When I used to be in a book club, I would sometimes suggest that the group try, by way of a change, a classic adventure story. King Solomon’s Mines (1885) by H Rider Haggard, perhaps, or Anthony Hope’s The Prisoner of Zenda (1894).
These books did not appeal much to the others and were always vetoed. Fair enough: book clubs are for discussing themes, issues and character arcs, and in an adventure novel, these are beside the point. The purpose of such books is to increase their readers’ heart rates and, if possible, take their breath away. Discussing their artistic qualities is a bit like rating a roller-coaster on its paint job rather than the vigour with which it tosses you about.
The best of them make you believe that you are living the hero’s adventures with him. The appropriate aesthetic response is not to sit on a sofa while you gab about the book: it is to jump up and down on it while you re-enact the hand-to-hand combat between Sir Henry Curtis and the tyrannical King Twala that results in the latter’s decapitation, or Rudolf Rassendyll’s pursuit of Rupert of Hentzau – “forgetting everything in the world except him and my thirst for his blood” – through the forest of Zenda.
The classic adventure novels seem to have fallen by the wayside of literary fashion. Not so long ago, they were part of that large, disparate mass of literature, encompassing everything from Henry James to PG Wodehouse, that civilised Britons felt they should read, or at least know something about; but they have lost their place in the national consciousness. This golden age of the adventure novel begins, in my opinion, with the first of Sir Walter Scott’s Waverley novels in 1814 and ends almost exactly a century later, with John Buchan embarking on his great Richard Hannay sequence during the Great War.
This was also the period of the great adventure stories of Alexandre Dumas and Jules Verne; of Robert Louis Stevenson, Rudyard Kipling and Arthur Conan Doyle (who regarded his Sherlock Holmes mysteries as potboilers that subsidised the time he spent on books such as his roistering tale of the Hundred Years’ War, The White Company). There were also one-off masterpieces: Baroness Orczy’s The Scarlet Pimpernel, J Meade Falkner’s Moonfleet, P C Wren’s Beau Geste and A E W Mason’s The Four Feathers.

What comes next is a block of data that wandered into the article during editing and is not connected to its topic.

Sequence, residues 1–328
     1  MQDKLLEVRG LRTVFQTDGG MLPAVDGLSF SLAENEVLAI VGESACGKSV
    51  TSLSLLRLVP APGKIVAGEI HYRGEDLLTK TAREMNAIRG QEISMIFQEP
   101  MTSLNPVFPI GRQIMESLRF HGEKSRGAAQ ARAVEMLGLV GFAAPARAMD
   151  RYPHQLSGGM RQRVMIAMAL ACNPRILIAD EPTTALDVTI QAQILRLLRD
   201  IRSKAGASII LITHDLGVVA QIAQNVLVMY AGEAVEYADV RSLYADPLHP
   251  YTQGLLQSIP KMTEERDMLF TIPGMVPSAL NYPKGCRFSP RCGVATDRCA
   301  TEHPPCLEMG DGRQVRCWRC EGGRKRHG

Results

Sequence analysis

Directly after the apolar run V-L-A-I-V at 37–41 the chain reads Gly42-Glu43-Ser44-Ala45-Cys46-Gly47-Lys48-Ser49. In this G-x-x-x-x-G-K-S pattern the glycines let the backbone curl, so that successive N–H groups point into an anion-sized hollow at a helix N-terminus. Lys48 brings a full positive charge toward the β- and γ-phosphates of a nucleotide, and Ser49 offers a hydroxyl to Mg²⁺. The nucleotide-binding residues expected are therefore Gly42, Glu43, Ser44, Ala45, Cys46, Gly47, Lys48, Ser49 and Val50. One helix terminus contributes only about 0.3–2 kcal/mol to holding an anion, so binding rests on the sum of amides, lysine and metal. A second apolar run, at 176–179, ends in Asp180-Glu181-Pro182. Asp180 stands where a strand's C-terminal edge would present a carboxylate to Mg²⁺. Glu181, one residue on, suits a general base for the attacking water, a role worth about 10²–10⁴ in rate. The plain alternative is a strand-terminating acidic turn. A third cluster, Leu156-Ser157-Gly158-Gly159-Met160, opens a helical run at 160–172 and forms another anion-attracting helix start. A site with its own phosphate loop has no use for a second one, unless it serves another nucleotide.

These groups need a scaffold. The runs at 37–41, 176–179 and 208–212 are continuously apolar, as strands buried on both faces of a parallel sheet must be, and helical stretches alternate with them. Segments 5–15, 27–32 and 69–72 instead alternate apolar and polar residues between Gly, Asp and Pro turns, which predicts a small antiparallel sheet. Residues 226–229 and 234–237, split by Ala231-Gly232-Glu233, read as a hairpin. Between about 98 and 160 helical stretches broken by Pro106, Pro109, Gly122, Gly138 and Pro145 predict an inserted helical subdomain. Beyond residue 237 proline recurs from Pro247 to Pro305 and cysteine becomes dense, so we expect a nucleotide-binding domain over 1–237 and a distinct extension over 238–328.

These swashbuckling tales of derring-do used to be filmed over and over again for every generation as Sunday teatime serials intended for the whole family. Is it the case that the decline of programming with multi-generational appeal precipitated a loss of interest in adventure classics or vice versa?
The dramatisation of Ivanhoe in 1997 was probably Walter Scott’s last hurrah on the Beeb; I suspect more people honour him by climbing his monument than reading his books nowadays. It is true that The Musketeers is a rompingly enjoyable show – but how many people have read Dumas’s original novel?
I got my first taste of Kipling and Haggard, Dumas and Stevenson, from poking around my dad’s bookcases when I was small – a gateway from Tintin and the Famous Five to adult literature. Their authors intended them to be read by both adults and children, as suggested by the ditty prefacing Conan Doyle’s The Lost World: “I have wrought my simple plan/ If I give one hour of joy/ To the boy who’s half a man/ Or the man who’s half a boy.”
These days the dividing line between fiction for adults and boys is much clearer. There are lots of terrific adventure stories written for boys at the moment – Anthony Horowitz’s Alex Rider series, Rick Riordan’s Percy Jackson novels, the Artemis Fowl books of Eoin Colfer – but the heroes are boys too. The current trend for older teenage boys is not to read adult fiction so much as the new wave of intelligent, emotionally literate books about teenagers – works by Stephen Chbosky, John and Hank Green, Tommy Wallach and Erin Lange. Perhaps the days of the book with multi-generational appeal are an anachronism.